Spotlights

Godzilla: Showa Era Spotlight Followup

I‘ve kind of procrastinated on this so that I could get some distance between the last Godzilla movie and my thoughts on the series as a whole. Doing this too close to finishing that last film may have skewed things a bit and I really want to look at the whole series from a bit of distance. For those who have not read the original spotlight, it is available here. So how do you sum up many films that range from 1954 original to the final entry in this era from 1975?

A little back story first. Criterion picked up several of the Showa Era Godzilla films and put them in a collection on Filmstruck called Godzilla and Beyond which really means that they have added a few extras that are not part of the Godzilla series. The Showa Era is defined as the period of time that Emperor Hirohito ruled over Japan until his death. These movies were all released during that time frame, hence the name of the series.

Godzilla

I would first say that the series had a lot of surprises in store for me. For instance, you look at the films and say it’s just a dude in a rubber suit smashing up a cardboard town. However, the first film was so much more than that. It was a very socially and politically relevant piece about post-war Japan and overcoming the fear of the nuclear bomb. The first film came out just under ten years after Hiroshima and Nagasaki so those events were still very fresh to the people of Japan. An interview on Filmstruck compares Godzilla in the first movie to Japan in WW2. Basically saying that Japan was the big monster that science had to come along and stop.

Surprisingly, there was no mention of good or evil or who or what unleashed Godzilla. I would think it would be easy to throw blame against the American bomb, but there was no mention of who created Godzilla, simply that he needed to be stopped because of all the devastation he was causing. Sure, nuclear bombs started him, but there just wasn’t any mention of where those came from. It may be that the idea wasn’t something that needed to be spoken in those days. Anyway, the first film offered quite a bit more than anticipated for a so-called guy in a rubber suit flick.

Godzilla Raids Again was the second entry to the series in 1955. With the death of Godzilla in the first one, we get a new Godzilla for this movie. So another surprise was that there simply wasn’t just one Godzilla. Before I watched this series, my only Godzilla movie exposure was from the 1998 Roland Emmerich version and maybe one or two of the “actual” entries. Needless to say, I had a very limited view of just what the series was about. I think the only movies I watched had Godzilla tearing things up on his own. I had no clue there were any other Kaiju that he would fight. Yet in just the second entry, we have a sparring partner for the big guy to go up against.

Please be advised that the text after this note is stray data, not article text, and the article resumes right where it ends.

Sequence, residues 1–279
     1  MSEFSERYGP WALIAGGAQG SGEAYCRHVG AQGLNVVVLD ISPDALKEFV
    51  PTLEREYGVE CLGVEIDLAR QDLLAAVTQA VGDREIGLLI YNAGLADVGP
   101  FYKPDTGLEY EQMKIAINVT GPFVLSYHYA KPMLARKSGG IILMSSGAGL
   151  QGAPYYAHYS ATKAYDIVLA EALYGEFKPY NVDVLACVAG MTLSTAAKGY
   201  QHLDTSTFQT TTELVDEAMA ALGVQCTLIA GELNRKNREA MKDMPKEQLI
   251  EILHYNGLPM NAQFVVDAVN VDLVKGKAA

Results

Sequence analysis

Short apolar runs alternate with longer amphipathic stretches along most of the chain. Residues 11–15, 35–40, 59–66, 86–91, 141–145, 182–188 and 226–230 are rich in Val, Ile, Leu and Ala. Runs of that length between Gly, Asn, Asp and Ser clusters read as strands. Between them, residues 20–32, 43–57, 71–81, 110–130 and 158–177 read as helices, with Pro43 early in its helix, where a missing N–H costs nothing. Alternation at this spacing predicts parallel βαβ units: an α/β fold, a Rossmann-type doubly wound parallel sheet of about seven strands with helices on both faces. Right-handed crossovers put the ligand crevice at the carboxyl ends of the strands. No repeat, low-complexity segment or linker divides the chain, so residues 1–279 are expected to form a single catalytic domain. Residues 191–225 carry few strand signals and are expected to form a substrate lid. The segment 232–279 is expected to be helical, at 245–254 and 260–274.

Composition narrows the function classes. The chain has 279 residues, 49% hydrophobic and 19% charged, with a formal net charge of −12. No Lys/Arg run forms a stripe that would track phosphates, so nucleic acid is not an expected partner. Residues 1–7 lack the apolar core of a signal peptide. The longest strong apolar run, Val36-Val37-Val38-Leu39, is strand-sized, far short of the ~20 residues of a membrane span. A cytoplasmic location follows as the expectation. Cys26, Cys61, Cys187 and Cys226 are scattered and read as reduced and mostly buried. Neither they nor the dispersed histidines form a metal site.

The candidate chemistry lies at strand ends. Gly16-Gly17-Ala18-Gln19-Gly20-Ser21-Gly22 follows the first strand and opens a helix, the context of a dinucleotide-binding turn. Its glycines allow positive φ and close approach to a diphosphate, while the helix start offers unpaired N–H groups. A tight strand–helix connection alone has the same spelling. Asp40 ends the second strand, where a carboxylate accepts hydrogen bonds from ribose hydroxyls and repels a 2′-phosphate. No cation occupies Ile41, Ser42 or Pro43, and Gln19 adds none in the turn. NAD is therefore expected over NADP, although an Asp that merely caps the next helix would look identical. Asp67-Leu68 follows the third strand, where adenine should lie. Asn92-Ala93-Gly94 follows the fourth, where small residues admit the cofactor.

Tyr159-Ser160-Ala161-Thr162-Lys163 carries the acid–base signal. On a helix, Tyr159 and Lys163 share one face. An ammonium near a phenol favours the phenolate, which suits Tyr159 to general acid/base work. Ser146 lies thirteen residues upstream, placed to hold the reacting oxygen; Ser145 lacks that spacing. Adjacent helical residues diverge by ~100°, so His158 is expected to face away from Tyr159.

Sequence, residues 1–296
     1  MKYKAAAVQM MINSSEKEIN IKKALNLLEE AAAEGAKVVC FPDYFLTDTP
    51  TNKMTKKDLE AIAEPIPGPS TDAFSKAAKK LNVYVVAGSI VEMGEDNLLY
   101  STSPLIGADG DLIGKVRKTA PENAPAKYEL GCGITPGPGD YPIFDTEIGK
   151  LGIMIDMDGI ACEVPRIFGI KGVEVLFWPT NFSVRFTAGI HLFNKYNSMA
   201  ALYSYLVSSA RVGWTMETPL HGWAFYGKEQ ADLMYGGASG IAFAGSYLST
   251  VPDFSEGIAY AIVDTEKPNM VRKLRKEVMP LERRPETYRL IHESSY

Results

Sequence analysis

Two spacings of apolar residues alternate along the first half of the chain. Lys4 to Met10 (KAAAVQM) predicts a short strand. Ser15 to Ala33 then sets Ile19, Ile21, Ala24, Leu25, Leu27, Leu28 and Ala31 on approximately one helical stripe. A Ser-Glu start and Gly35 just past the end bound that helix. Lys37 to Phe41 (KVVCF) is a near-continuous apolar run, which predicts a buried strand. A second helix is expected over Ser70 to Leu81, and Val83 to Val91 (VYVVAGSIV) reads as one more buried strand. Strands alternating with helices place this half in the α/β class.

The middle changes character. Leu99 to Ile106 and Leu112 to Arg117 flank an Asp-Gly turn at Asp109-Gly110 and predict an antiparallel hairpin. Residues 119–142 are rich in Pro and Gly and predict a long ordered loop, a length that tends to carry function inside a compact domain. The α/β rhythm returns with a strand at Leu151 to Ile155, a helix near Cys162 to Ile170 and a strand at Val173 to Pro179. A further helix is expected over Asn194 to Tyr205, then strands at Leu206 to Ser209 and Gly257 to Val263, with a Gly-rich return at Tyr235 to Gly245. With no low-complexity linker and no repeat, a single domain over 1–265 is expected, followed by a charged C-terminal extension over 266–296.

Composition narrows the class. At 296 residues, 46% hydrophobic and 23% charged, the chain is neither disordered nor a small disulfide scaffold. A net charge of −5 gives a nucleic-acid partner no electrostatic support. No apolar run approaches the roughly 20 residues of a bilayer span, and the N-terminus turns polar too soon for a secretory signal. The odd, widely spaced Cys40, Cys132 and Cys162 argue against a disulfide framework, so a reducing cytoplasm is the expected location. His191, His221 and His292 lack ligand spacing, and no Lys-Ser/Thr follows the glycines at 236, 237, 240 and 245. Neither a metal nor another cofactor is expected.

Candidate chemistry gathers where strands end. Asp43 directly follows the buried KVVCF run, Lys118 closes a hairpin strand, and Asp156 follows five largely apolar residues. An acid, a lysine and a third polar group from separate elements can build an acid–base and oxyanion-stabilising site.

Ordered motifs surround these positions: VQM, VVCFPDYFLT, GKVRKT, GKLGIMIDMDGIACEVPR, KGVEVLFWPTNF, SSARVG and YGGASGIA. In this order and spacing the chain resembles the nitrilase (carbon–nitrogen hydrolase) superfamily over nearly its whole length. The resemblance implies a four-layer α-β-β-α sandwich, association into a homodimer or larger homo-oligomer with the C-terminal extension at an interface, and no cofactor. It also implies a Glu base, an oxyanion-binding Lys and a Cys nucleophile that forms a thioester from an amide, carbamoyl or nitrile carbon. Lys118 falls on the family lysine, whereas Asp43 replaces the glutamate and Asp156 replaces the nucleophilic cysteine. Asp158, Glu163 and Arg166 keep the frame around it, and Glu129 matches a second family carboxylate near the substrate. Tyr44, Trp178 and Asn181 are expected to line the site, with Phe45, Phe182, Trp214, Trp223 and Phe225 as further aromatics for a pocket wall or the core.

Godzilla Raids Again

Looking back at my comments about the second film, this one felt a bit long for its ninety minutes run time. There was a lot of fluff about some sort of love story that was tossed in between the big monster fights, which was another surprise. The series spends a lot of time on human elements throughout. Each entry has had some form of a human story that goes alongside the monster bits. In most cases, the human parts far exceed the monster parts with varied results.

The next film that Filmstruck offers is Godzilla, King of the Monsters! which is pretty interesting on its own because this film is the original movie with a lot of edits and an American dub. Raymond Burr got to star in it amidst all the edits that were put in place. I kind of wish this version was played a bit differently. The edits made for a tighter movie, but the whole story was altered a bit to make Burr’s reporter character fit. I’d have preferred that they injected him into the original with maybe some on scene reporting instead of shoehorning him into the story. I think if this was done right, it would have been a nice companion piece to the original by showing some sort of alternate viewpoint.

Rodan is up next from 1956. This is not a Godzilla film at all but was a welcome addition because it sets up a future movie where Godzilla and Rodan team up. My review for this entry was pretty glowing. There was less of the human side here, but what they did show was pretty tight without all the needless love story. I especially like the effects in this one. We got some good devastation.